F3 takes on a new challenge – fish oil alternatives

James Wright

Registration for new aquafeed sustainability contest opens Sept. 5

fish oil alternatives
Rick Barrows, one of the F3 fish nutrition experts.

Building off the success and excitement of the fish-free aquaculture feed cash-prize contest that concludes this fall, the F3 Challenge has set its sights on a new target: fish oil alternatives.

Judges for the new competition, which opened registration this week and closes on April 30, 2018, say the degree of difficulty has increased, as producing a fish-free fish oil substitute is technically more difficult and complicated than producing a dry feed ingredient in bulk.

“We believe that through innovation there are companies and individuals who can come up with these products that will fit the need of the industry both nutritionally for the animals and nutritionally for the final consumers,” said Kevin Fitzsimmons, professor at the University of Arizona, which is collaborating with the Anthropocene Institute, the New England Aquarium, World Bank, UMass-Boston and Synbiobeta on the competition.

For a fish-free oil to qualify, it must be from cultured organisms, including but not limited to yeast, algae and fungus in a dry powder or liquid form. It must be free of marine animal ingredients and have an essential fatty acid profile that meets a specific range criteria (see Table 1.) Range values are from the fatty acid profiles seen in Pacific sardine, anchovy, Atlantic herring and menhaden fish oils.

F3 Fish Oil Challenge, Table 1

Omega-6 20:04 ARA (% of total fat)Omega-3 20:05 EPA (% of total fat)Omega-3 22:06 DHA (% of total fat)Omega-3:Omega-6 ratio
Range0.2 – 1.68.4 – 174.9 – 12.912 – 16.7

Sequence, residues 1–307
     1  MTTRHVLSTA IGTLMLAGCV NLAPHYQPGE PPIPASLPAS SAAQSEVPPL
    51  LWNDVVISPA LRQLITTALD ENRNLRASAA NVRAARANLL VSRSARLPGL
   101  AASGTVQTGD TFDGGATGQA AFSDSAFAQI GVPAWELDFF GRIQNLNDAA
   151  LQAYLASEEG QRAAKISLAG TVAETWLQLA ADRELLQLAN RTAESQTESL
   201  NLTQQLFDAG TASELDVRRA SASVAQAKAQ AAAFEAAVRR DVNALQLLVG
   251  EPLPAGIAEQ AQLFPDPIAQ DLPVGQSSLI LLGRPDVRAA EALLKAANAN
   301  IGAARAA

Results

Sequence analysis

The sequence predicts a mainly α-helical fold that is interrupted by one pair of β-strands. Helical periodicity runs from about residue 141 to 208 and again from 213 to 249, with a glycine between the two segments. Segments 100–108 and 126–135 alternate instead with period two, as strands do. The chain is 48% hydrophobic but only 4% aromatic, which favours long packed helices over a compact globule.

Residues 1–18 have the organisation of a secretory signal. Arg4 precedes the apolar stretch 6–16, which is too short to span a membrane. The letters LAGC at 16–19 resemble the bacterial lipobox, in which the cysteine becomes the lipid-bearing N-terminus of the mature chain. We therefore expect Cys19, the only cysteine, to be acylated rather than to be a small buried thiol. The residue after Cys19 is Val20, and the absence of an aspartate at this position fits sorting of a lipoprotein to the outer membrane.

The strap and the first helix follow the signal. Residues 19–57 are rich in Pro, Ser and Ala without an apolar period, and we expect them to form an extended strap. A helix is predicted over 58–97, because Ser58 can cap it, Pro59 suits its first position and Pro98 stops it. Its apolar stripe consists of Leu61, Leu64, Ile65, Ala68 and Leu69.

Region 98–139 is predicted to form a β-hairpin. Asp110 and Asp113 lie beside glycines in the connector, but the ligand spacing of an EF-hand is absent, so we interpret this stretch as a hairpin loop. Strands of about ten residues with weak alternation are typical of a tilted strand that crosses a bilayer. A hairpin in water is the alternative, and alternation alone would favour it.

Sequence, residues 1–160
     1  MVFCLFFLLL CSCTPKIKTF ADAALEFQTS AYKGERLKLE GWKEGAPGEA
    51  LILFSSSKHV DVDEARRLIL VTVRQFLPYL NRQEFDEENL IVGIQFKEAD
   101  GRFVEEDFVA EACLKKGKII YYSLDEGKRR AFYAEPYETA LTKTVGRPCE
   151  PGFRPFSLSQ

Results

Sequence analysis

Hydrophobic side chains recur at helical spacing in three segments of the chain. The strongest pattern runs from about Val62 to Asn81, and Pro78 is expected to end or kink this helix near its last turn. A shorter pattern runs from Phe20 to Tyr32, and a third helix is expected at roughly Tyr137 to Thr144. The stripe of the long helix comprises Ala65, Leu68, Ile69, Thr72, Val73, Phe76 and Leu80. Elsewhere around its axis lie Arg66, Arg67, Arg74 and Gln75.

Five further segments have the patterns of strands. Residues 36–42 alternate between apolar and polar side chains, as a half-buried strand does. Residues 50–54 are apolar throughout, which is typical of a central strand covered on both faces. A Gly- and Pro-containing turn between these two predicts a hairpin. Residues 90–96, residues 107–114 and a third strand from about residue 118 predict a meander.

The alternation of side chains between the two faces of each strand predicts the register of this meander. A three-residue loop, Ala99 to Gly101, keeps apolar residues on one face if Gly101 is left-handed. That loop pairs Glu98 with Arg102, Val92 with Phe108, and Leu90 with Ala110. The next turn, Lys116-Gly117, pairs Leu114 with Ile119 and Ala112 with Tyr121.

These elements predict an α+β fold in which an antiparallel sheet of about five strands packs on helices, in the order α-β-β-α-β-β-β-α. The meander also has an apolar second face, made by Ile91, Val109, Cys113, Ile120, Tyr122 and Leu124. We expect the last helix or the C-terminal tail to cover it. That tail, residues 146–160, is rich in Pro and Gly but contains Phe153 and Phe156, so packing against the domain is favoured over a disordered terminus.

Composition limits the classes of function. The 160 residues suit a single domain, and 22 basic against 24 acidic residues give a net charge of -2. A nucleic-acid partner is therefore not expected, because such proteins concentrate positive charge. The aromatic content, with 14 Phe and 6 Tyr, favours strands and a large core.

Table 1: F3 Oil criteria

“With fish oil, we have identified the fatty acid profile within certain ranges that I think fish nutritionists would agree is the facsimile oil that would supply all of the same nutrients and fatty acids that fish need and that we want to have in the final product,” Fitzsimmons added.

Synthetic biology companies are expected to be a factor, said the CEO of Synbiobeta, a community of entrepreneurs, investors, policy makers and others who are seeking to responsibly grow the synthetic biology field. CEO Chris Oakes, who will be one of this year’s judges, told the Advocate that synthetic biology has virtually unlimited applications in a variety of industries.f3 fish oil alternatives

“With the advent of low-cost gene sequencing and low-cost reading and writing of DNA, we’re seeing the applications of this technology starting to relate to so many different industries,” he said. “We see the sustainable and ethical application as really important.”

Oakes said the F3 Fish Oil Challenge fits the global environmental goals that the emerging synthetic biology field is aiming for. The contest, and its overarching aims, are also of personal importance to him, as he is a marine biologist by training and his family has been involved in aquaculture for 30 years.

“We have the real ability to engage biology to create real solutions for ocean sustainability,” he said. “We’ve learned a lot from biofuels and we can apply those skills and lessons to other global problems, and demonstrate to the public that there’s a need for fishmeal alternatives, and those alternatives can create a quality and delicious product, through farmed fish.”

We believe that through innovation there are companies and individuals who can come up with these products that will fit the need of the industry both nutritionally for the animals and nutritionally for the final consumers.

Fitzsimmons said the contest format enables the latest knowledge and innovation to find a larger audience. Research papers, studies and presentations are certainly welcome, he added, but they are barely moving the needle.

“The F3 contest seemed to have set off a tidal wave,” he said. “Every feed company in the world in the last 18 months has jumped on the bandwagon. We can’t claim all the credit, but it sparked a tremendous amount of interest. It wouldn’t have happened if we took an equivalent amount of money and put it into research grants.”

As with the original F3 Challenge, the prize money starts at $100,000. The cash prize for the original competition winner – the first to produce 100,000 metric tons (MT) of seafood-free feed – eventually doubled. This year’s final prize is also expected to increase via crowdsource fundraising.

The winner of the feeds challenge will be announced at the Global Aquaculture Alliance’s annual GOAL conference, held this year in Dublin, Ireland, from Oct. 3-6. Final volume reporting for contestants – participating companies hail from Australia, Austria, China, Indonesia, Myanmar, South Africa, Thailand and the United States – is Sept. 15.